What Are the Signs of an Asthma Attack in Infants?
Although it’s difficult to diagnose, kids can get asthma too. Since infants can’t communicate they are having trouble breathing, it’s up to you to spot an attack and know what to do about it.
The most common signs of asthma in infants are:
- Coughing, especially at night: This is actually a classic sign of asthma. It’s often the only sign.
- Night time wakenings: May be due to coughing and/or chest tightness
- Wheezing: May be audible or silent
The following are signs your child’s asthma might be getting worse, and immediate attention is necessary:
- Rapid respiratory rate: Breathing is faster than normal
- Trouble feeding: Or lack of desire to eat
- Agitation/ crying: When babies can’t breathe they get restless
- Retractions: One great way to tell babies are having trouble breathing is if his chest is being sucked in with each inspiration. (watch video)
- Nasal flaring: This is the flaring out of the nares upon inspiration. It is done in an attempt to suck in extra air. A classic sign of air hunger in babies. (watch video)
- Grunting on expiration: This is the baby’s natural attempt to keep his lungs open. Another classic sign of air hunger. (watch video)
- Cyanosis: This is the blue discoloration of skin caused by lack of oxygen to that area. Usually it’s around the mouth, nose and fingertips. This is a sign the baby is not getting enough oxygen.
Your asthmatic may display one or a combination of any of the above signs. Each child is unique, and this is why it’s important for you to be vigilant to the specific signs your child displays.
Once diagnosed with asthma, you and your child’s pediatrician will want to create an asthma action plan tailored just for your child. This plan will help you monitor your child’s asthma, and know what to do in the event you see the above signs.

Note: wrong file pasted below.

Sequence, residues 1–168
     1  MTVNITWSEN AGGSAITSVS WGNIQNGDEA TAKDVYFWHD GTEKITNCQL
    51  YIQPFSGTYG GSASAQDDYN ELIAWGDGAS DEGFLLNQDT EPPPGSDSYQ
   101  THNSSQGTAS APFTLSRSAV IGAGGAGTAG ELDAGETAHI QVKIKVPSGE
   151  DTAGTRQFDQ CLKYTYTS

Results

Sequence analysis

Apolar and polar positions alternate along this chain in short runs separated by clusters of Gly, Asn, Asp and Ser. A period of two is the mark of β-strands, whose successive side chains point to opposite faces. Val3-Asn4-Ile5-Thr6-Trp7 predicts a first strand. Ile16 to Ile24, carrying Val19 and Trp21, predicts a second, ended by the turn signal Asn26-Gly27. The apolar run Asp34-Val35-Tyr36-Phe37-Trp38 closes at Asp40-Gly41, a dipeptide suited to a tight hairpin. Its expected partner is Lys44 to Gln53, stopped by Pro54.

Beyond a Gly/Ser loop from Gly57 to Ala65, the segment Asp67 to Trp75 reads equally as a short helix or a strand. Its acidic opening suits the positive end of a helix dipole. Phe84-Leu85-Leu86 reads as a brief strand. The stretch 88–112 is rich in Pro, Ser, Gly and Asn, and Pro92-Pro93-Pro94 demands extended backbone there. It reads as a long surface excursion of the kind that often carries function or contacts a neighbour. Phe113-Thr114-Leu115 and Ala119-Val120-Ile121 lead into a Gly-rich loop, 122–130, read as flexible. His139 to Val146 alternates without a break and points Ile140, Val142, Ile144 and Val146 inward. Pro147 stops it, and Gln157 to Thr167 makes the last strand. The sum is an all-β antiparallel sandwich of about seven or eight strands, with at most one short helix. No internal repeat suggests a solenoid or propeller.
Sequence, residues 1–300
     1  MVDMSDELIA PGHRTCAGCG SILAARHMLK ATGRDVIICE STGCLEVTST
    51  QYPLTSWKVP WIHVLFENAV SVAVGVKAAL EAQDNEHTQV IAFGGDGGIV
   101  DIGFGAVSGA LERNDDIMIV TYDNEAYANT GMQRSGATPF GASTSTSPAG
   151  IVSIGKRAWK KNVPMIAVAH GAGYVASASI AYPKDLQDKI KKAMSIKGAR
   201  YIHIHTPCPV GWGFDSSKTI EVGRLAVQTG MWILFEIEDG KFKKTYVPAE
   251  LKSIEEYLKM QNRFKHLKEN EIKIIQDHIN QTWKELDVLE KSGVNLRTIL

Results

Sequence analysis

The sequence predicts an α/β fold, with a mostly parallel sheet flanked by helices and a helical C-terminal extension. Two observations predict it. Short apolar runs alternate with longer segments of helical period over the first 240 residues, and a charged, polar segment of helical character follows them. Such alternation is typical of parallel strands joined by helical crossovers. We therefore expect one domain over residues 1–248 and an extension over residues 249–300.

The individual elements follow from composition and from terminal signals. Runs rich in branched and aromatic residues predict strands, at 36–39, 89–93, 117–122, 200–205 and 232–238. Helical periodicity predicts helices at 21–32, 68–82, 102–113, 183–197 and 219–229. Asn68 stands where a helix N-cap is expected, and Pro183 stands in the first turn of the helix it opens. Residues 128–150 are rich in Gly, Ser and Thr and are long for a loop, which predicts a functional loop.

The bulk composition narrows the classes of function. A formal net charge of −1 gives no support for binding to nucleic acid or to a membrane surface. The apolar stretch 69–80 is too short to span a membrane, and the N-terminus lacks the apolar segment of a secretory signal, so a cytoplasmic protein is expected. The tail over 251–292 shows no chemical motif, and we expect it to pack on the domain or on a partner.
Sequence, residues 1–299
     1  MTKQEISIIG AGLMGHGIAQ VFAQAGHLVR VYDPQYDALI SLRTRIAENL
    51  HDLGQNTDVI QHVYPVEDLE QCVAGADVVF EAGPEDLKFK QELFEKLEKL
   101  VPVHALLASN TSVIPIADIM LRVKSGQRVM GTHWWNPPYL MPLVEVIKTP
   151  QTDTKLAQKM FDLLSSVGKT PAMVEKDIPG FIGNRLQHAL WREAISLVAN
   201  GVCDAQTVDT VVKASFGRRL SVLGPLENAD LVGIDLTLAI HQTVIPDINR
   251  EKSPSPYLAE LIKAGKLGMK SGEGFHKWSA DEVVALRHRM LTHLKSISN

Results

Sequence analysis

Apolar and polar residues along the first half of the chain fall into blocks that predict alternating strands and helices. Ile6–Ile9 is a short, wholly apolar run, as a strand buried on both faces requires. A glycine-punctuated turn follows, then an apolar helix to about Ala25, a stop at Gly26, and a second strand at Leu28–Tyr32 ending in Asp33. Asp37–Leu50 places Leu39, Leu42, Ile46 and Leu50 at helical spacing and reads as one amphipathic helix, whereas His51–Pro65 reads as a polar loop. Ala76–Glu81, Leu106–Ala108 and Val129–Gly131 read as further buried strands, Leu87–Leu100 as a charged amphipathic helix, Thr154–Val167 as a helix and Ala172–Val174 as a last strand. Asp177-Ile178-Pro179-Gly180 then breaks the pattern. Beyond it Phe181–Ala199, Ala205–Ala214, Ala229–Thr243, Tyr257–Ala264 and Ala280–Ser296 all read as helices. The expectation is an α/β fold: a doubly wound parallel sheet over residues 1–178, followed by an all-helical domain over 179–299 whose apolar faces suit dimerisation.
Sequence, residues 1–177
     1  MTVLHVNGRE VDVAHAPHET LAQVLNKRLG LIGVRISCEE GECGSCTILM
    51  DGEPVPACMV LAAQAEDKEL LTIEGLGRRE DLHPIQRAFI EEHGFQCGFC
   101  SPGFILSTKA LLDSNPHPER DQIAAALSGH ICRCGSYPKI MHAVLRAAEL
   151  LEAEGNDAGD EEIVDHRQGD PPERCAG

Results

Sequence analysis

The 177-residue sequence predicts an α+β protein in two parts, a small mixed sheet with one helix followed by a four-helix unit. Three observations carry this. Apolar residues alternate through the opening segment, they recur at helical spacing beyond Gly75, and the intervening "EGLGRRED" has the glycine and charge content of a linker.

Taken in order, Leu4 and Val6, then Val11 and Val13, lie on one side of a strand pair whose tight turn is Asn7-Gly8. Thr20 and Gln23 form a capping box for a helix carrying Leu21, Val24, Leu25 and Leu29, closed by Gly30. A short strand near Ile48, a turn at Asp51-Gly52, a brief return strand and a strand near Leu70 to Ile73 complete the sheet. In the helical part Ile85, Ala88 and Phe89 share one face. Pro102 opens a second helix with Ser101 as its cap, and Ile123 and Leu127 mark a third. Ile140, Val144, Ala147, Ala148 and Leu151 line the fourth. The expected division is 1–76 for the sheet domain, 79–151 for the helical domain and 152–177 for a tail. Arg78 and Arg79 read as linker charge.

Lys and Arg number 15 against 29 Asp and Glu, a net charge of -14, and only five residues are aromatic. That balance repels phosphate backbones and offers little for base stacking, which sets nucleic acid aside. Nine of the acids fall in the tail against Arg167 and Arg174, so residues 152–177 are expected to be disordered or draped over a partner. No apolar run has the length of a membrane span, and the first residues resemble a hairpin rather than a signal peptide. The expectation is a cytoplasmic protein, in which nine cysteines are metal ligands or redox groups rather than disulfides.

Most asthma experts recommend all asthmatics have a rescue medicine called Albuterol or Xopenex on hand at all times. These are bronchodilators. They relax the muscles surrounding the air passages in your asthmatic child’s lungs, and can rapidly make breathing easier.
This medicine can be given to your child using a nebulizer with a mask or an inhaler with a spacer and a mask. While a nebulizer is the most common method, more recent studies actually show an inhaler is the best method to use. However, the truly best method is whichever one your child accepts (to learn more click here).
Usually two puffs of the medicine are given if an inhaler is used. These puffs should be spaced one to two minutes apart. If a nebulizer is used, the treatment usually lasts about 10 minutes.
Of course this depends on the severity and control level of your child’s asthma, yet if your child’s need for his rescue medicine is greater than normal, then you should notify his pediatrician or take him to the emergency room. Increased use of rescue medicine likewise a common sign of uncontrolled or worsening asthma.
If the signs of asthma go away after using the rescue medicine, you can simply monitor your child at home. If the signs don’t go away, you should continue to follow the asthma action plan, which may entail calling your child’s doctor or taking your child to a local emergency room.
However, if your child is not yet diagnosed with asthma, and you do not have an asthma action plan, and you observe any of the above signs, you should call your child’s pediatrician, take the child to an emergency room, or call 911.
Since your infant doesn’t have a voice, it’s up to you to observe the signs of trouble breathing. Vigilance in this way can prevent a child’s asthma from getting worse, and may even save a life.
John Bottrell is a registered Respiratory Therapist. He wrote for HealthCentral as a health professional for Asthma and Chronic Obstructive Pulmonary Disease (COPD).